The invention relates to an antimicrobial adhesive and coating material, a use of the adhesive and coating material and a method of manufacturing same.
The invention relates to the area of adhesive and coating materials for, in the broadest sense, medical, technical-medical or technical-hygienic applications. Antimicrobial adhesive and coating materials are used in particular for manufacturing plaster bandages, wound coverings, catheters, hygienic packaging materials, for coating the aforementioned materials as well as for coating components of technical medical devices and walls of rooms which must kept hygienic and similar. The use of such adhesive and coating materials is intended to prevent the invasion of micro-organisms.
From DE 199 58 458 A1 an antimicrobial wound covering is known. The wound covering is made of a synthetic polymer material containing zeolites containing metal-ions.
U.S. Pat. No. 6,124,374 describes an antimicrobial adhesive cream for dentures. The antimicrobial active substance used here are 2-valence copper salts.
From U.S. Pat. No. 6,216,699 B1 a pressure-sensitive adhesive substance is know to which diidomethyl-p-tolylsulfon is added as antimicrobial active substance.
The known antimicrobial constituents are not particularly universal. They are specifically adjusted to the particular matrix. The antimicrobial effectiveness of the thus mixed materials does not last particularly long.
From WO 95/20878 a method is known for manufacturing bactericidal or fungicidal plastic bodies. For this a thin layer of silver is first applied to a membrane film using thin-film technology. The membrane film is then broken up. The broken up membrane film is fused on and then put into the desired shape with conventional techniques.—The method is very time-consuming and expensive. It requires the manufacturing of a special intermediate product and its breakup.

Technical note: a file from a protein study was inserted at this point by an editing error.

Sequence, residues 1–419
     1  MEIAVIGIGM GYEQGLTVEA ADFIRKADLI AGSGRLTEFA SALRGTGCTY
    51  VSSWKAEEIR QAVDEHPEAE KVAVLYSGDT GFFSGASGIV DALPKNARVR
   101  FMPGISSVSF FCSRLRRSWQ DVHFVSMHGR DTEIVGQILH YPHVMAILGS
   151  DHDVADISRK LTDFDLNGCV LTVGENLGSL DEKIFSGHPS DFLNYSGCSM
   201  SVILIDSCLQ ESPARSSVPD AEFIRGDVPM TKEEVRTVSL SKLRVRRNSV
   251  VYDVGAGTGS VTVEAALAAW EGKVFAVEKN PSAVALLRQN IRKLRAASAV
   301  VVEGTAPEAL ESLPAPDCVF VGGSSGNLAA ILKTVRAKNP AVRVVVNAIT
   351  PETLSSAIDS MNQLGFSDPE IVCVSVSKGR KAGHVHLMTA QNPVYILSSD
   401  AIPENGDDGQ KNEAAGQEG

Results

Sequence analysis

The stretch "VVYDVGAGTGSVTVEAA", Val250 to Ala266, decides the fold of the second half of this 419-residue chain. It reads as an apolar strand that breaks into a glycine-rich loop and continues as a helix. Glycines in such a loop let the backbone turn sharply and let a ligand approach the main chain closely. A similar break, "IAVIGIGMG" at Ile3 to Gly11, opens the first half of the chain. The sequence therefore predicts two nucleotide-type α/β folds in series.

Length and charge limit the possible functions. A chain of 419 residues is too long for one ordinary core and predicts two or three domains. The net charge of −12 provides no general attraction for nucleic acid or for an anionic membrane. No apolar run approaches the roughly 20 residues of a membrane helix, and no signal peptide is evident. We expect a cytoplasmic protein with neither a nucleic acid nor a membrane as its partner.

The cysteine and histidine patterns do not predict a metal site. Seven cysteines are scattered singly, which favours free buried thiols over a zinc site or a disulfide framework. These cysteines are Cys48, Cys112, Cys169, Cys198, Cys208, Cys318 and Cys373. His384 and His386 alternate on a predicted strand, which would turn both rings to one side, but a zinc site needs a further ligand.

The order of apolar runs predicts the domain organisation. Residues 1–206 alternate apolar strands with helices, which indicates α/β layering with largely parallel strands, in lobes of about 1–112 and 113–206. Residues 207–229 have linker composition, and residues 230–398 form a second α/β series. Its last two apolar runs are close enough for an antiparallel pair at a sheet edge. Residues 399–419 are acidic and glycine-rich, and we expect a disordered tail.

From EP 0 190 504 an antimicrobial composition is known which contains 5 to 10 weight % of silver. To improve the antimicrobial properties a hydratable or a hydrated oxide is additionally added.
DE 31 10 681 C2 describes a material for bone implants. The material is made from a polymer to which silver phosphate is added as antimicrobial active substance.
From WO 81/02667 an antimicrobial surgical implant is known. Metallic silver is added to the implant as antimicrobial active substance.
WO 82/01990 of this type describes a bone cement based on polymethylmethacrylat as the main component to which 5 vol. % of a silver salt is added as antimicrobial active substance.
U.S. Pat. No. 5,837,275 discloses an antimicrobial material which contains, among others, silver particles with a grain size of less than 200 nm. The silver lattice has artificially-created lattice imperfections and flaws to facilitate the release of silver ions.
From WO 84/01721 a material containing silver sulfate or silver acetate is known. Within 24 hours this material releases a concentration of more than 1 μM of silver ions in a surrounding liquid.
DE 32 288 849 A1 describes a material with a coating of silver. Elementary carbon or titanium is added to the material. The addition is intended to facilitate an increased release of silver ions to the surroundings.
U.S. Pat. No. 4,849,233 discloses a bone cement to which approximately 10 weight % elementary silver is added as well as titanium oxide or tantal oxide. The bone cement is characterized by its high rate of release of silver ions.
The antimicrobial effectiveness of the materials known in accordance with the state of the art has been proven with the so-called inhibition zone measurement. The inhibition zone measurement is described, for example, in Raad I. et al., J. Infec. Dis. 173 (1996). For this the material to be tested is placed in a culture medium such as Agar. Due to the release of antimicrobial acting metallic ions an inhibition zone forms around the material. The formation and the size of such an inhibition zone has been evaluated in accordance with the state of the art as the indication of the antimicrobial effectiveness of the material.
The materials known in accordance with the state of the art have the disadvantage that they initially release an excessive concentration of silver ions. According to more-recent findings, materials which show an inhibition zone are not suitable for use in medical applications. Such materials release silver ions in macroscopic visible amounts to the surrounding tissue. Such amounts of silver ions are cytotoxic however. To the extent that such materials are approved at all by certifying authorities, approval is meanwhile now only given in accordance with pharmaceutical law. Such an approval is extremely expensive and time-consuming.